Finally, in 1915, the people of Austin agreed to annex to Orchard City, but under one condition. They wanted to change the name of Orchard City to Austin.
The name was not changed and reluctantly Austin residents agreed to annex in the name of clean water. Together under the name of Orchard City, they were able to obtain a bond worth $50,000 to pay for the pipeline. By 1916 the line was completed and Orchard City had clean water.
The town boundaries grew as water lines were extended. The people in Eckert wanted water taps off the pipeline. The residents of Cory wanted clean water. So Orchard City sold taps to Eckert and Cory property owners under one condition - they had to agree to join the town.
Soon all of Eckert and Cory were part of Orchard City as well, however, it was all done sans the legal process.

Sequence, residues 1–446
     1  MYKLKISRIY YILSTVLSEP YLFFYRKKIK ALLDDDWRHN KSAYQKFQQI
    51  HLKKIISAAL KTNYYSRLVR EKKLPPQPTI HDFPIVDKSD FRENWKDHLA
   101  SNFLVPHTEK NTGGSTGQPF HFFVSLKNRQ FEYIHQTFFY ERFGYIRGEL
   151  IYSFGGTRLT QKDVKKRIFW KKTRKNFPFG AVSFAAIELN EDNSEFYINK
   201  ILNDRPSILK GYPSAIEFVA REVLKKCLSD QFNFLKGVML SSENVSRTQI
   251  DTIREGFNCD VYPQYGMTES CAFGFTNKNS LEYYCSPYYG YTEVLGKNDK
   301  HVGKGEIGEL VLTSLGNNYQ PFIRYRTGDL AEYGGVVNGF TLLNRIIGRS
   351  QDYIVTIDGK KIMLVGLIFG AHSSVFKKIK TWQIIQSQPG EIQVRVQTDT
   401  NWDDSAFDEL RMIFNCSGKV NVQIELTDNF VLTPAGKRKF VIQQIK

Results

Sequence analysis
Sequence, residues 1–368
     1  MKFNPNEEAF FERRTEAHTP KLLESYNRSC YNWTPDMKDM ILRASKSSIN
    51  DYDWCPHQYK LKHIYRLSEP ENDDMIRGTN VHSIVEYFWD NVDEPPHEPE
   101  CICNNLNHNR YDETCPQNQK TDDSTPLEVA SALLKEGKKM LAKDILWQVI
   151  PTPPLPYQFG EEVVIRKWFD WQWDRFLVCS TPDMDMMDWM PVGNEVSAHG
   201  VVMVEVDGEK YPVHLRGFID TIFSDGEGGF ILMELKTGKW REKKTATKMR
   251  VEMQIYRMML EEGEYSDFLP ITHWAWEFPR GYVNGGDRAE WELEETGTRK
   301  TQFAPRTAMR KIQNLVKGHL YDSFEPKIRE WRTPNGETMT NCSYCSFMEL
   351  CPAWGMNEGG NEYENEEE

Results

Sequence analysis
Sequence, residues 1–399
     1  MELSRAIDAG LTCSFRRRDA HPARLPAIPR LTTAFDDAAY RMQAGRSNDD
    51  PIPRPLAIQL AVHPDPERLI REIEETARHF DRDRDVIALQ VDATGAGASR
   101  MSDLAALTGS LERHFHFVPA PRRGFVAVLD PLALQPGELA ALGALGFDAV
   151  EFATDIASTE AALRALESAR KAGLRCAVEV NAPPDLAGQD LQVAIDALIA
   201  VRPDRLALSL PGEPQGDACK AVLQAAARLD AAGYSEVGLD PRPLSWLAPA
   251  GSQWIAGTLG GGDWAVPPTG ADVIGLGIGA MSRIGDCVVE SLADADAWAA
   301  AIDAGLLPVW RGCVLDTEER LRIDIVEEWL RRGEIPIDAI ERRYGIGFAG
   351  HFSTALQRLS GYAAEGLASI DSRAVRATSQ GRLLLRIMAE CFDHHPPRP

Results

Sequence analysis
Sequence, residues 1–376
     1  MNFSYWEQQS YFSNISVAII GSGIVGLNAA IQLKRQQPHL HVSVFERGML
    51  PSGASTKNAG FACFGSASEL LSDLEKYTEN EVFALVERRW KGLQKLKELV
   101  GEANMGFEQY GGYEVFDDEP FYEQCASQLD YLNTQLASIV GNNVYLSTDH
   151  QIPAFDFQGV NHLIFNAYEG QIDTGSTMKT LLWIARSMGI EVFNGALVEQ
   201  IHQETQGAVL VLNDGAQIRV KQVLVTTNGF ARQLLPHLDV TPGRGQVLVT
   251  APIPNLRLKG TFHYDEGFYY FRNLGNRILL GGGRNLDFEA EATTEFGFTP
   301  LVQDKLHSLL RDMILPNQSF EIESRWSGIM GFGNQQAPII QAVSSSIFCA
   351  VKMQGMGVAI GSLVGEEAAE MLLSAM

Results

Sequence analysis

It was not discovered until the 1980s that Eckert and Cory had never been properly annexed. The Town of Orchard City had to spend thousands of dollars publishing legal notices to finish the annexation.
By the 1980s the three communities were officially combined as they are today to form Orchard City. Each has separate post offices, separate zip codes, and separate histories, but all are part of one common entity.
(This article was made possible by Tom Huerkamp, Mayor of Orchard City 2004-2008, who provided all the historical information. Mr. Huerkamp has extensively researched the area's history and continues to do so)